Lonesome Traveler Paperback
by Jack Kerouac
Part of the Penguin Modern Classics series
This is a timeless travelogue from the leading light of the Beat Generation, Jack Kerouac's Lonesome Traveller is a jubilant celebration of human discovery, published in Penguin Modern Classics.
As he roams the US, Mexico, Morocco, Paris and London, Kerouac records, in prose of pure poetry, life on the road.
Standing on the engine of a train as it rushes past fields of prickly cactus; witnessing his first bullfight in Mexico while high on opium; catching up with the beat nightlife in New York; burying himself in the snow-capped mountains of north-west America; meditating on a sunlit roof in Tangiers; or falling in love with Montmartre and the huge white basilica of Sacre-Coeur - Kerouac reveals both the endless diversity of human life and his own high-spirited philosophy of self-fulfilment. "Piquant writing, the best part of its flavour being...the hunt for the big experience, a touch of Hemingway and Whitman." (Guardian). "Full of startling and beautiful things...one sees, hears and feels." (Sunday Times).
- Format: Paperback
- Pages: 160 pages
- Publisher: Penguin Books Ltd
- Publication Date: 03/08/2000
- Category: Modern & contemporary fiction (post c 1945)
- ISBN: 9780141184906
Showing 1 - 1 of 1 reviews.
Review by edwinbcn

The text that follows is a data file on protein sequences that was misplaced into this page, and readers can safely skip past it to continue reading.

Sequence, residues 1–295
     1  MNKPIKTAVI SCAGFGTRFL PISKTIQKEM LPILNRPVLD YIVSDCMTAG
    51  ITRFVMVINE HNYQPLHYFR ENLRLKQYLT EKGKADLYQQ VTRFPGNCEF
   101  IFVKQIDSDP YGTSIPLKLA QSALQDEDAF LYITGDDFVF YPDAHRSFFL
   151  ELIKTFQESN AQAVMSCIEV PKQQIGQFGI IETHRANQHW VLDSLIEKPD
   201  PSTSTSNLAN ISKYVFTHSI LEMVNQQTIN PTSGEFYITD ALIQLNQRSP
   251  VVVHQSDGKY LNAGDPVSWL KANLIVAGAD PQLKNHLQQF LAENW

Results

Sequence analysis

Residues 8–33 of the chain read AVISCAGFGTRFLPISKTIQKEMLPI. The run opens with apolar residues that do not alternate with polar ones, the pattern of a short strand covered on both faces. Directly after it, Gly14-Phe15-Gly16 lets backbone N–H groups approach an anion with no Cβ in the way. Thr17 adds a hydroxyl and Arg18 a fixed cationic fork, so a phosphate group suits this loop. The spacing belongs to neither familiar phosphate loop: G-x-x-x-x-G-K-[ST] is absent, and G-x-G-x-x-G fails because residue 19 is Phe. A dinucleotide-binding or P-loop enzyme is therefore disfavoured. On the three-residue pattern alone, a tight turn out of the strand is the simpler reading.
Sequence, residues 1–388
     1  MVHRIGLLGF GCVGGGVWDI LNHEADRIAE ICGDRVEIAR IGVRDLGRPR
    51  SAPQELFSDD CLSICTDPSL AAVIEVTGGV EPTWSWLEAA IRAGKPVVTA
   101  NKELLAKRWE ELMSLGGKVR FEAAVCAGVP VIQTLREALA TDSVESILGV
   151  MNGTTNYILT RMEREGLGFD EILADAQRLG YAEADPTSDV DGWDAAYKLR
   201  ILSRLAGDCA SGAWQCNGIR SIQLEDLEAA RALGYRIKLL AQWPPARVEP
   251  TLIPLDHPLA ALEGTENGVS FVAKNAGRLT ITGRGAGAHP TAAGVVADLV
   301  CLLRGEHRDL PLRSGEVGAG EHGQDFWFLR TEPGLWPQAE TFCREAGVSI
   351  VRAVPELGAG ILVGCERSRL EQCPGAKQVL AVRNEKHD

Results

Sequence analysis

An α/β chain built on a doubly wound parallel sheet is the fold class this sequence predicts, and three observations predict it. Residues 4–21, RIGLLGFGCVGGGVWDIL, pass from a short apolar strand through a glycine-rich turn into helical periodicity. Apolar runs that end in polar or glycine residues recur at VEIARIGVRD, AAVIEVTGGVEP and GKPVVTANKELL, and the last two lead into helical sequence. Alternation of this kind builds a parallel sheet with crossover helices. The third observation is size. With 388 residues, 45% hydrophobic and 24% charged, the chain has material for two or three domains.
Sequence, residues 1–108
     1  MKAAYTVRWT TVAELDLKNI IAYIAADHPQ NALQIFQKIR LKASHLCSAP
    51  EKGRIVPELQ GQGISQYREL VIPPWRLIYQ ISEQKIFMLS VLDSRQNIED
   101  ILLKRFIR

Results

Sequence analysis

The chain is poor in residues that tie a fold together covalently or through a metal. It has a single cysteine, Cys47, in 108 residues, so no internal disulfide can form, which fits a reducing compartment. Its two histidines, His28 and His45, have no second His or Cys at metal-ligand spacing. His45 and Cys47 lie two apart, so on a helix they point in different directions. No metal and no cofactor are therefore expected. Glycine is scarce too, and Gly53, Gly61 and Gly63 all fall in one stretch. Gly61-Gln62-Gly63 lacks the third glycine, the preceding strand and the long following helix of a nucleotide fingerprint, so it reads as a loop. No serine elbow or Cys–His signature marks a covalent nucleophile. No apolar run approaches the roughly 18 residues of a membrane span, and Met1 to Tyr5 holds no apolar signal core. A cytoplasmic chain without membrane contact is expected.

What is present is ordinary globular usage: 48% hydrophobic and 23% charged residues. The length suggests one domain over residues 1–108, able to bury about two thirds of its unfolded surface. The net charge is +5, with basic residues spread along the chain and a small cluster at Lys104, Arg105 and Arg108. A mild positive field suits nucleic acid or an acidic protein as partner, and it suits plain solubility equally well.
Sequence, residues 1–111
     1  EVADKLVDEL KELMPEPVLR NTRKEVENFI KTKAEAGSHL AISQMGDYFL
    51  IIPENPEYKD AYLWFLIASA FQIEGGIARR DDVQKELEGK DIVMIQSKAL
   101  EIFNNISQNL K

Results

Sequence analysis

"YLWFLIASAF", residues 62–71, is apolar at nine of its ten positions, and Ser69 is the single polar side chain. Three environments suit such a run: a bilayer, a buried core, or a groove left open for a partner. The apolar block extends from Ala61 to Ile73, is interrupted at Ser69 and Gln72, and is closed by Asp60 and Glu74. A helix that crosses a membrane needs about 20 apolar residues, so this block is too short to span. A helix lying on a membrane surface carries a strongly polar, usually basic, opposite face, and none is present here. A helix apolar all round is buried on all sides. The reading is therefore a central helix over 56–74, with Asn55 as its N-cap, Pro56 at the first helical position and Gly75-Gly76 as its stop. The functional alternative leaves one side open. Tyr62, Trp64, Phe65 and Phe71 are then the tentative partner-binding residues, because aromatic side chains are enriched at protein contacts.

The early and later prose styles of Jack Kerouac are very different. Kerouac's earliest prose was written during the 1930s and 1940s. These early prose works are written in a fairly conventional prose style, although themes such as the search for freedom and detachment from convention can be found, besides the beginnings of an interest in experimentation with drugs.In his later prose style, Kerouac's search for freedom and detachment from convention is pushed into his use of language. His late prose, written in a type of stream of consciousness is a wildly extatic outpour of verbiage, poetic at times, and often incoherent. Some of these prose texts were likely written while drunk or under the influence of drugs. They are not really enjoyable to read.Lonesome traveler brings together various texts of Kerouac's travel writing, or short stories based on his travels. The first story, ""Piers of the Homeless Night" is stylistically the least accessible. It is a pain to read. There are better, more lyrical examples of Kerouac's stream of conscious style in some of the other stories.Various members of the Beat Generation loved travelling to Mexico, as it is the nearest foreign country, which is very different from the American way of life. Besides, in Mexico they access to a native culture of using drugs, and were free to experiment. "Mexico Fellaheen" and "Railroad Earth" describe such journeys to Mexico, where Kerouac did not only find drugs, but also a much freer, more relaxed lifestyle, and he feels tempted to look at the suave, slender bodies of Mexican men. These two stories have strong elements of Kerouac's later prose style. "New York Scenes" is a lovely portrait of New York City.While Kerouac found freedom on the road by hitch-hiking, for longer voyages he mustered on board ships. "Slobs of the Kitchen Sea" presents a story describing such a sea adventure."On a Mountain Top" describes Kerouac's longing for solitude, to work and to meditate. In describes his awakening interest into Buddhism. The story describes an experience of living in nature on Desolation Peak, close to Thoreau's Walden experience. (O lonesome traveler!)"Big Trip to Europe" is a hilarious story, in which Kerouac describes his trip to Tangier, Marseille, Paris, and the most funny part of it, his attempt to convince British customs that he is not just a penniless bummer, but a renowned American author.The last story, "The Vanishing American Hobo" is an endearing tribute, evoking the spirit of Benjamin Franklin and Walt Whitman as they traveled the open road. It describes how people's attitudes towards wanderers have changed, from sympathy to disgust, and how "hobos" are now seen as a nuisance and a danger.Lonesome traveler is another form of writing about Kerouac's experience "on the road", and his quest to seek freedom in far off places.